MA 172 - CALCULUS B

Semester Hours: 4

Techniques of integration, applications of the integral, polar coordinates, sequences, series, and conic sections. Prerequisites: MA 171 with a grade of C or better.

MA 201 - CALCULUS C

Semester Hours: 4

Vectors, vector-valued functions, partial derivatives, multiple integrals, vector fields, line and surface integrals. Prerequisites: MA 172 with a grade of C or better.

MAE 271 - STATICS

Semester Hours: 3

Topics include: forces, resultant forces, moments, couples equivalent force systems, equilibrium, distributed loads, two force members, trusses, centroids, moments of inertia, shear and bending moment diagrams, static and kinematic friction. (Same as CE 271) Prerequisites: PH 111, MA 201 and ENG 101,Topics include: forces, resultant forces, moments, couples equivalent force systems, equilibrium, distributed loads, two force members, trusses, centroids, moments of inertia, shear and bending moment diagrams, static and kinematic friction. (Same as CE 271) Prerequisites: PH 111 and MA 201.

MAE 395 - SEL TOPICS:MECH & AEROSPACE EG

Semester Hours: 1-3

Special topics in Mechanical or Aerospace Engineering.

MU 100 - INTRO TO MUSIC LITERATURE

Semester Hours: 3

Basic music appreciation. Exploration of ideas and issues in various types of western music through reading, listening, and discussion. Offered every semester.

NUR 307 - INQRY TO EVIDNC BASED NURS PRC

Semester Hours: 3

This course identifies various modes of inquiry and critical analysis used in the development of nursing science. Explore evidence based models to examine the evidence from a variety of research designs used to formulate nursing decisions. Emphasis is on identifying and synthesizing the best evidence to solve complex health problems in order to deliver safe, competent nursing care to diverse populations. Prerequisites: NUR 310 and NUR 312 and NUR 321.

NUR 415 - HONORS DIRECTED RESEARCH

Semester Hours: 2

This course allows for implementation of the student's research proposal as developed in the Honors section of NUR 307. The focus is on data collection and preliminary data analysis. The seminar format will provide students access to expert researchers.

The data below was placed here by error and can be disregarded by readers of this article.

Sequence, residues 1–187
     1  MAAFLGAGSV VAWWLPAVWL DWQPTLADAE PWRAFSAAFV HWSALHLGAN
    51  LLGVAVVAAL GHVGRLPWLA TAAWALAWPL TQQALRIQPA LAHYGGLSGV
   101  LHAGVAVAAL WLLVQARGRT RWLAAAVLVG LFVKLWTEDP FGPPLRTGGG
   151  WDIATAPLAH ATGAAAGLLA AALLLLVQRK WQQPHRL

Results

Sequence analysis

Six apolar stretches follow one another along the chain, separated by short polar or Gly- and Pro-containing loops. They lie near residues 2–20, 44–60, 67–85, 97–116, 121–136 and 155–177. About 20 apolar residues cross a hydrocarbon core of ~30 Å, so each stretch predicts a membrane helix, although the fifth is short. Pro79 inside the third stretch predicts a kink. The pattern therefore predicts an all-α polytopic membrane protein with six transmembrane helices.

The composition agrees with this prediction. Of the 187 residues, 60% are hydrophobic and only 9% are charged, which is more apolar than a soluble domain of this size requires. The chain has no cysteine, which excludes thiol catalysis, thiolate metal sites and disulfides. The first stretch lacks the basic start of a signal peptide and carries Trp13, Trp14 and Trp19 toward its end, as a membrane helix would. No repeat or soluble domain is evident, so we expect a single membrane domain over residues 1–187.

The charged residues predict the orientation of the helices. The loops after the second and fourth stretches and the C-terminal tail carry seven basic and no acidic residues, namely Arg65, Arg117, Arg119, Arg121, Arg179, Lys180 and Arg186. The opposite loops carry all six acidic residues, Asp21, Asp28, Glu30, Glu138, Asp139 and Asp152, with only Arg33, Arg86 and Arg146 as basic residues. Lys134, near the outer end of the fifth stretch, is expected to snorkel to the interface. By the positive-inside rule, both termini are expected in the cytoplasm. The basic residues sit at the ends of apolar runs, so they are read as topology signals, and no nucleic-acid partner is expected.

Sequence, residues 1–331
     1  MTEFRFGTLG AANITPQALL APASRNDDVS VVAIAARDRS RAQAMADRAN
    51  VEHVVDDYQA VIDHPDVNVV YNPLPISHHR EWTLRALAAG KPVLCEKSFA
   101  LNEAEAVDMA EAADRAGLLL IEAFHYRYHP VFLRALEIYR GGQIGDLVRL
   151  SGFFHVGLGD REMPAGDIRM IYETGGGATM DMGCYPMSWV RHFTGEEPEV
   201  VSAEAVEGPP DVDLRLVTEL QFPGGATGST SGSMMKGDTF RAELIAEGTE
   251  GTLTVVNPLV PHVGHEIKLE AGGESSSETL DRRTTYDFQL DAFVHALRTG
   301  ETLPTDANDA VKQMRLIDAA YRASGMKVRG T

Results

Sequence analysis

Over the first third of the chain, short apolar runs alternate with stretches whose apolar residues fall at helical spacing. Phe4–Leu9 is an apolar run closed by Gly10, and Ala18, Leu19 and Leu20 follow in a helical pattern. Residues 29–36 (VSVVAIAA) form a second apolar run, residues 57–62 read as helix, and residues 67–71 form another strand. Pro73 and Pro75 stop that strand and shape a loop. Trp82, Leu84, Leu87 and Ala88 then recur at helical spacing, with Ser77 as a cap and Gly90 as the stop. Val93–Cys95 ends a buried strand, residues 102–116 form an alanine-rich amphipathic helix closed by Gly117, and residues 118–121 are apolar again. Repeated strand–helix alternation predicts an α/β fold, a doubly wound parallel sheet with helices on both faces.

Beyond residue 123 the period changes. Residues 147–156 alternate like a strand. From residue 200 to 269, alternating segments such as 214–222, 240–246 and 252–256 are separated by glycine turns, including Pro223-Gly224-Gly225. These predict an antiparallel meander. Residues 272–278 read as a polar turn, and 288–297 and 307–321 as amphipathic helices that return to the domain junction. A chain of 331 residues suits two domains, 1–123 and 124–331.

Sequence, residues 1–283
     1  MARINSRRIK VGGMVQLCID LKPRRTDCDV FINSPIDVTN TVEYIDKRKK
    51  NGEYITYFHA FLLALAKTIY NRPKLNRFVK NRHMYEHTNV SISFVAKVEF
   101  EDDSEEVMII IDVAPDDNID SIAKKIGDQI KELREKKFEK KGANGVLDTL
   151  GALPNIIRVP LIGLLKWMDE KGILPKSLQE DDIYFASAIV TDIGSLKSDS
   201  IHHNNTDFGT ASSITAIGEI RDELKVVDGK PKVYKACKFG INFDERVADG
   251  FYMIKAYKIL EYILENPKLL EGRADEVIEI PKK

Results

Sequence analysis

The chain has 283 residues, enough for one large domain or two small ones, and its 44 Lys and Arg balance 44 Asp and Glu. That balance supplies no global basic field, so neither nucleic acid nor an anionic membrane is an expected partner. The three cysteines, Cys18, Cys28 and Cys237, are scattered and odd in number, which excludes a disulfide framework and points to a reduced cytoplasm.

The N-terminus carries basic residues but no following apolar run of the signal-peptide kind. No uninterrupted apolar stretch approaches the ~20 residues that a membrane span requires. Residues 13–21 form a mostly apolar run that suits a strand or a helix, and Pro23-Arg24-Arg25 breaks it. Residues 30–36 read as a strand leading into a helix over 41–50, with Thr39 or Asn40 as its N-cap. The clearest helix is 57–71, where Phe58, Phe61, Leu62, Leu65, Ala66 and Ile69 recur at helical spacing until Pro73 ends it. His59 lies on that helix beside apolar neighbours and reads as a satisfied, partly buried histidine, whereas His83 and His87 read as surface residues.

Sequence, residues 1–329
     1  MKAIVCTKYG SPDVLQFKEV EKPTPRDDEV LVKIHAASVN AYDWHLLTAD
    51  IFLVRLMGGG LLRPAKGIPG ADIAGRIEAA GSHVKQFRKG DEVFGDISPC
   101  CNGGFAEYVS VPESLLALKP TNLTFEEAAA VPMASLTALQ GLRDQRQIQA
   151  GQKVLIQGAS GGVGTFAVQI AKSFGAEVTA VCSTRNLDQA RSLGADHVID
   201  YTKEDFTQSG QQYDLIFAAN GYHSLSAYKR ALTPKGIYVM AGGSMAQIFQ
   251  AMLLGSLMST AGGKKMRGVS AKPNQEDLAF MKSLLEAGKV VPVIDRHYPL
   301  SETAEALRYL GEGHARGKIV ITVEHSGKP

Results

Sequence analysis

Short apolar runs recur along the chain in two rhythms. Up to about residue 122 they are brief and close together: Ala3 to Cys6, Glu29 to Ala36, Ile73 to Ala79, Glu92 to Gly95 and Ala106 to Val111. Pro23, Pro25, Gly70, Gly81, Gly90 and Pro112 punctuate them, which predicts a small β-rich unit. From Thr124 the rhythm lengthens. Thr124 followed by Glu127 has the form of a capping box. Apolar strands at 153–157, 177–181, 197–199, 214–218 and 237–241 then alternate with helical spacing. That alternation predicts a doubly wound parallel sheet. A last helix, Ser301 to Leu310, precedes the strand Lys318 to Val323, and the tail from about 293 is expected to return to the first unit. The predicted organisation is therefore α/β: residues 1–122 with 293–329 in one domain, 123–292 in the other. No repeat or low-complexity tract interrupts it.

PHL 101 - INTRODUCTION TO PHILOSOPHY

Semester Hours: 3

Introduction to philosophical reflection focusing upon central problems in the major branches of the western tradition: metaphysics, epistemology and value theory.

PHL 102 - INTRO TO ETHICS

Semester Hours: 3

Major ethical positions in both classical and modern thought. The course may include a consideration of case studies drawn from practical contexts in engineering, medicine and other areas.

PH 111 - GEN PHYSICS W/CALCULUS I

Semester Hours: 3

For science and engineering students. Basic laws of physics and their application to specific problems: vectors, Newtonian mechanics, energy, conservation laws, simple harmonic motion, statics, fluids. Offered all terms. Prerequisite: MA 171 Corequisite: PH 114.

PH 114 - GENERAL PHYSICS LAB I

Semester Hour: 1

Laboratory instruction in support of material covered in PH 111. Offered all terms. Corequisite: PH 111.

PH 112 - GEN PHYSICS W/CALC II

Semester Hours: 3-4

Continuation of PH 111. Heat and thermodynamics, basic electricity, electric and magnetic fields. Offered all terms. Prerequisite: MA 172, PH 111, PH 114. Corequisite: PH 115.

PH 115 - GENERAL PHYSICS LAB II

Semester Hour: 1

Laboratory instruction in support of material covered in PH 112. Offered all terms. Corequisite: PH 112.

SOC 100 - INTRO TO SOCIOLOGY

Semester Hours: 3

An introduction to the critical and scientific study of society, culture, social institutions and social change. Illuminates the social and cultural context of our lives and is useful for exploring contemporary social issues, problems and change in society.